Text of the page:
In July 2008, presidential candidate Barack Obama vowed to create a “civilian national security force that’s just as powerful, just as strong, just as well-funded” as the U.S. military.
Apparently no one else in the national press found that promise newsworthy, because I was the first to call it to the attention of the public days later. Interestingly, the pledge had been stricken from transcripts of the speech handed out to media.
Whatever happened to the “civilian national security force” initiative? No one in the press has dared to ask that question.
But two recent developments suggest Obama may have found an innovative way to achieve his objectives to militarize the homefront without creating a new national security force:
- In December, both houses of Congress passed the defense reauthorization bill that killed the concept of habeas corpus – legislation that authorized the president to use the U.S. military to arrest and indefinitely detain American citizens without charge or trial.
- This week, over the objections of Joint Chiefs of Staff, the National Guard’s top officer became the fifth member of that body that advises the president on national security matters.
“There is no compelling military need for this change,” said Army General Martin Dempsey, chairman of the Joint Chiefs, during his congressional testimony on the bill. Nevertheless, Congress knew better. Obama knew better. In fact, all six four-star generals testified in a Nov. 10 hearing of the Senate Armed Services Committee that the idea of including the National Guard honcho as a member of the Joint Chiefs would create needless confusion and reduce the authority of the other military representatives.
But it gets even worse.
Even Obama’s own defense secretary, Leon Panetta, opposed the measure. He told reporters that membership on the Joint Chiefs should “be reserved for those who have direct command and direct budgets that deal with the military.”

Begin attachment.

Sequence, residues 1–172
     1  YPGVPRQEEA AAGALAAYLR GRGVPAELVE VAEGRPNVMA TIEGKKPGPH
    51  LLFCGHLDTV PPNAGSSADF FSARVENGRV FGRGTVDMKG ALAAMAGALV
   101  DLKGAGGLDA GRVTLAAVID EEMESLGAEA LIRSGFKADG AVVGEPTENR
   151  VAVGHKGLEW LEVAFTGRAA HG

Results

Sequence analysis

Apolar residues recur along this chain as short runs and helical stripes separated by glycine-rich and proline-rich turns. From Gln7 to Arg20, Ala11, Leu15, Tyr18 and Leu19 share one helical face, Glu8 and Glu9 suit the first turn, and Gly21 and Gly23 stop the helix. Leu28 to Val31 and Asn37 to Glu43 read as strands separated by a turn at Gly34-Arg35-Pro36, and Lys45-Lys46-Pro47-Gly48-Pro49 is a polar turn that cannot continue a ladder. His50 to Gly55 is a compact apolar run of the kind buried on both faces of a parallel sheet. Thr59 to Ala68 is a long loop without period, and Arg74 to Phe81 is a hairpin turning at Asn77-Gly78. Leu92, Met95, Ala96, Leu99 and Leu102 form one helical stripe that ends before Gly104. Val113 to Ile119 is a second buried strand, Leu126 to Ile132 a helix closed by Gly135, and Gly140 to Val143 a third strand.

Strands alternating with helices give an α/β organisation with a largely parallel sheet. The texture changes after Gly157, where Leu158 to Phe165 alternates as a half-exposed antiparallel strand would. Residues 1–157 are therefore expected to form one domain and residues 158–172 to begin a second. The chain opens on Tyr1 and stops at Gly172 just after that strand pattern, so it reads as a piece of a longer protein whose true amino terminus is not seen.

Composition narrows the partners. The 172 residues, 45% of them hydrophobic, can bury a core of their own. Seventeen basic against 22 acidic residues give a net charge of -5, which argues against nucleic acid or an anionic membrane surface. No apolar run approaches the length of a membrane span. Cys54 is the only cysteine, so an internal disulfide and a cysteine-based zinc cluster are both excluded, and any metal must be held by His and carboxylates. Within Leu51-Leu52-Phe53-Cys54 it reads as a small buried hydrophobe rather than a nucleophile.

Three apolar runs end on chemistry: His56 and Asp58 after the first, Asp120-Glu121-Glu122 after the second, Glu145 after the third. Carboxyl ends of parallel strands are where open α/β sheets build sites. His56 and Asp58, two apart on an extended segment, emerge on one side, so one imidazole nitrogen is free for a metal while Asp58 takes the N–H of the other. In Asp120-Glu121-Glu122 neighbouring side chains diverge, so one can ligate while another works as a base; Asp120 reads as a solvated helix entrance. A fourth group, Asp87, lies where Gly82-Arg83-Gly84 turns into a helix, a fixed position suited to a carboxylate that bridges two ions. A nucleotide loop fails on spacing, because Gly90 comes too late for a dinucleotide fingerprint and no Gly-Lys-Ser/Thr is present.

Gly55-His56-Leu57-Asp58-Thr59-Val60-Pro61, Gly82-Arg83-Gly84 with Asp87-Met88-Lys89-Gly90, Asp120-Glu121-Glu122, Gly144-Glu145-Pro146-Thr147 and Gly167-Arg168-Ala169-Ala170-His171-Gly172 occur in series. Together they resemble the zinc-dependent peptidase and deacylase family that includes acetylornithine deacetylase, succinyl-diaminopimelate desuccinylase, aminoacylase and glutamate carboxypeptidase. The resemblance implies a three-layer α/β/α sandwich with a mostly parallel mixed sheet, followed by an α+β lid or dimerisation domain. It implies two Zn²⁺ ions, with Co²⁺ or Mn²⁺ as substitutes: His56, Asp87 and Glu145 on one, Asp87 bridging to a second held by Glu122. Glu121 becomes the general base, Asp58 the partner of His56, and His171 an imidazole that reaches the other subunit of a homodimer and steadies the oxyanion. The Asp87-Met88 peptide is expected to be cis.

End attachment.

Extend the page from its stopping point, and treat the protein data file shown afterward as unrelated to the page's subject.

It seems to me, Obama has, with the approval of Republicans in Congress, achieved his major goal of militarizing domestic civilian life in the U.S. The U.S. military has been authorized by Congress and Obama to arrest and detain indefinitely without charge or trial any U.S. citizen on suspicion of being a terrorist. The only one who can override the order is Obama himself. And now the National Guard has been deputized as a posse for Obama’s “non-civilian national security force.”
Just try to imagine the outrage if George W. Bush had made such moves and proclaimed such ideas. It’s frankly unthinkable. There’s no way he could have accomplished it. But the most ideologically left-wing occupant of the White House in American history did. Go figure.
This is not good news for those of us who recognize how Obama views his political adversaries and critics. In short, he probably thinks people like me, who stand firmly behind the Constitution, represent more of a threat to national security than did Osama bin Laden.
So, for all intents and purposes, the “national security force” Obama mused about in 2008 is in place. It’s just not civilian. It’s military.
It’s no longer a question of whether political dissidents are going to hear that dreaded knock on the door in America. It’s only a question of who is going to have their door knocked down by U.S. military forces and be dragged kicking and screaming to Guantanamo Bay without even the right to talk to an attorney.
And yet, just as the media compliantly declined to pursue an explanation of Obama’s call for the creation of a “civilian national security force,” they also refuse to ask questions about this fundamental break from the Constitution’s protection of individual rights to a fair and speedy trial and the long-held tradition of the U.S. military being kept out of domestic, civilian life.